How to Create Magnificent Marketing Materials

I got another one of those calls the other day.
"John, can you make me a brochure?"
Many business owners have been sold on the notion that they need a tri-fold brochure or they are not really in business. I’m telling you right now, forget it...everybody's got one and no one uses it.
Your potential clients need an education. They need to know how you are different. (The typical tri-fold brochure simply confirms that you are the same.)
No single brochure can grab your prospect’s attention, hold it, and demonstrate how you are uniquely qualified to solve their greatest challenges.
If your marketing materials are to do as stated above, then they must go much deeper than you may be used to seeing.
Your prospects believe that your firm is pretty much like any other firm that does what you do. On the surface, they are right. If you are an electrical contractor, you probably do wire a ceiling fan the same way every other electrician does. The difference, though, is in the way you provide the service, the experience, the way you communicate, your professionalism, your training, your 27-point safety checklist, your story.
That’s the stuff they need to hear about. That’s the stuff that will make them say, “This is someone I can trust coming into my home.”
Your business should create the following pieces of information and format them in a way that will allow you to print them inexpensively and update them often.
1. A pocket folder - A multi-use workhorse, this piece alone, if designed well, can send the message that you are in business to stay. (This one will cost a little, but it has many uses.)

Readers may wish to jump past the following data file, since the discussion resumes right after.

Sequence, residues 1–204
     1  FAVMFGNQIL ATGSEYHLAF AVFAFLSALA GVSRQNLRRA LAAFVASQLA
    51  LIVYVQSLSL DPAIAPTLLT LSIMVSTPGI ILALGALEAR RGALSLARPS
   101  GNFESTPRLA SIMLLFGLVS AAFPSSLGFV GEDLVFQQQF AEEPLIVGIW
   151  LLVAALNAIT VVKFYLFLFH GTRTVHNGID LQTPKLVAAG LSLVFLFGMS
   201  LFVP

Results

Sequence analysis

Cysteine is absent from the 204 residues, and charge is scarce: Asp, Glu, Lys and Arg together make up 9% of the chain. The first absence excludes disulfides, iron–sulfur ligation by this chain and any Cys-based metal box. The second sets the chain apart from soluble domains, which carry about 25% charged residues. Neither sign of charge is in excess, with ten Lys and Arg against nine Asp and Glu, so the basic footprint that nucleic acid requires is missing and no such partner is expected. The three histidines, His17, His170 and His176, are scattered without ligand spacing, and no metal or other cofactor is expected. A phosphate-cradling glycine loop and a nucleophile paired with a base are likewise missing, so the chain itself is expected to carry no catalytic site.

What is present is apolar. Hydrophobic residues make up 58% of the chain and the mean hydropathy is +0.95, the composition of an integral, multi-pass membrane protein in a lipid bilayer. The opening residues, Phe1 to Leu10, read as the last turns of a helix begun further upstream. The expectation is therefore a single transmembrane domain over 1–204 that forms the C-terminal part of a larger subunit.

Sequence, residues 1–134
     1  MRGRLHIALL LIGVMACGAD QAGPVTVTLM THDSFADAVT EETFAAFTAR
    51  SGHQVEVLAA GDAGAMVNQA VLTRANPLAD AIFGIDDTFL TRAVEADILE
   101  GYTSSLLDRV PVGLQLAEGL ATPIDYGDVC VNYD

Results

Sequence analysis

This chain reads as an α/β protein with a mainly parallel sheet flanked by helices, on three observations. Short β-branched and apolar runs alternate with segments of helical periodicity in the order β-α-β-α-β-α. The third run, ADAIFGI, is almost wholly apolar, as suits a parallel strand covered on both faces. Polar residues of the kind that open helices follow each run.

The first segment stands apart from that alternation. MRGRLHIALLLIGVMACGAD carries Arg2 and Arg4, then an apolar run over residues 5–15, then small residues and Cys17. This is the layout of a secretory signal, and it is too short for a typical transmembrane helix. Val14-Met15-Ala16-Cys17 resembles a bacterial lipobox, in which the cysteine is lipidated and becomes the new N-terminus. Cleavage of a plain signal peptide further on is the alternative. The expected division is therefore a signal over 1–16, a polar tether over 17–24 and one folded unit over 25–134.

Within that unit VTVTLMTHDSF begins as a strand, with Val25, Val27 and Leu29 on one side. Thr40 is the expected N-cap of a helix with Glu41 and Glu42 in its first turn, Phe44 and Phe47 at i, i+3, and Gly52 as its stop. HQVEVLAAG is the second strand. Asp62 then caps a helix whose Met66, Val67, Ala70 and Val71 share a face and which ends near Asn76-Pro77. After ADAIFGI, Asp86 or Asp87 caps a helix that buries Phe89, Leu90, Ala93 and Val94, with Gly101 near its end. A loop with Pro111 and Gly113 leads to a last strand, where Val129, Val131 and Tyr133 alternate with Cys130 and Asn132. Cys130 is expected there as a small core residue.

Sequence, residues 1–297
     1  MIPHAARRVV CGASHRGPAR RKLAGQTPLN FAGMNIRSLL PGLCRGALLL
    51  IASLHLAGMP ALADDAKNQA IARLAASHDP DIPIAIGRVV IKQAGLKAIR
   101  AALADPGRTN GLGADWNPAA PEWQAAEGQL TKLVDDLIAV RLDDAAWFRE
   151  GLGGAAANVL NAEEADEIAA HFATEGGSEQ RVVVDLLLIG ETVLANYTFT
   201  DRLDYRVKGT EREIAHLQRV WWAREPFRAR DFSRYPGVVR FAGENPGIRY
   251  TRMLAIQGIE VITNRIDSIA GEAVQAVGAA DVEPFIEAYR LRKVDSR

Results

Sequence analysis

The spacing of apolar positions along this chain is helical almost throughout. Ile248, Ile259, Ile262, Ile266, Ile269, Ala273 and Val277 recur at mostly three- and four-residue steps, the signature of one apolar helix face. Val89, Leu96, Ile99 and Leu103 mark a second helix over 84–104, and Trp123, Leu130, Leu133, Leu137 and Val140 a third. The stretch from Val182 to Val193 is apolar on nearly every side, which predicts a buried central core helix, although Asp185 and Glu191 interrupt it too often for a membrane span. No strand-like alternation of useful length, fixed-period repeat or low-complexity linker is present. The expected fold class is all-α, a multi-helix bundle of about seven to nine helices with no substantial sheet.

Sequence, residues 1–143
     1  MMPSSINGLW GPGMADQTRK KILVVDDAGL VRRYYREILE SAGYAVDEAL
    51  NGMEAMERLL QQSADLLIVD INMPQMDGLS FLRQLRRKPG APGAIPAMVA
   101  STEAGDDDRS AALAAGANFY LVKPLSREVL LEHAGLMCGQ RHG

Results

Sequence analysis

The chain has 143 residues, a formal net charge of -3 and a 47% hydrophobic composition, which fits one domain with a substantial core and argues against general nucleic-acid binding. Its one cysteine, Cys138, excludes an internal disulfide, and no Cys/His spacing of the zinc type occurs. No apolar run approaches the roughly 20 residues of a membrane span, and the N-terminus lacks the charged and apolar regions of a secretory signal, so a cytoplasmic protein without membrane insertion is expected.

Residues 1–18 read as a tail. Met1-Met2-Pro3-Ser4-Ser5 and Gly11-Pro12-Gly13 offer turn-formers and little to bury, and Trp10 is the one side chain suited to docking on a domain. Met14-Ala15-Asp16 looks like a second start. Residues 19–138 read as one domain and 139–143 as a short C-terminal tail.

2. A template - This should be a professionally printed piece that carries your logo and contact information, but is different than your letterhead. This is the base piece then for the following pages that insert into your pocket folder.
3. An executive summary - Hit them with how you are different and shower them with benefits of doing business with you. Don't tell them what you do. This is where you will communicate your core marketing messages. If you have an unheard-of guarantee; if you are faster, smarter, cheaper…let’s hear about it on this page.
4. A list of services - Okay, now tell them what you do or what you offer. You may even need to create a sheet for each of your services or different service areas.
5. Case Studies - Pick representative clients or industries and outline how your product or service solved someone else's challenge. People learn in different ways. Case studies allow them to see themselves getting relief.
6. Testimonials - Get quotes from real live clients and create a page titled - "See what others have to say about us."
7. Process Description - Show them how you do what you do. Create detailed checklist and flow charts that show them how you keep your promise. In many cases you have these anyway, but by making them part of your marketing, you can demonstrate how much more professional your organization is. These also help you justify why you charge a premium for your services. Many people underestimate how much really goes into delivering a quality product or service. So show them.
8. Your Story - Many companies have interesting or even gut-wrenching histories. Tell them your story in an open, honest, and entertaining way, and you will win their hearts as well as their heads.
All of the above pieces can, in many cases, be word-processed files that are laser printed onto the template I described above.
This format allows for very inexpensive printing and a great deal of flexibility when you need to update, change, or even personalize your magnificent marketing materials. (Wait…this looks like a pretty good layout for a website too!)
Will they read all of this stuff? Like all marketing efforts, some will, some won’t - but the ones that do will pay a premium to acquire the services of someone so obviously magnificent.
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John Jantsch is a veteran marketing coach, award-winning blogger, and author of Duct Tape Marketing: The World's Most Practical Small Business Marketing Guide, published by Thomas Nelson, 2006.

He is the creator of the Duct Tape Marketing Small Business Marketing SystemTM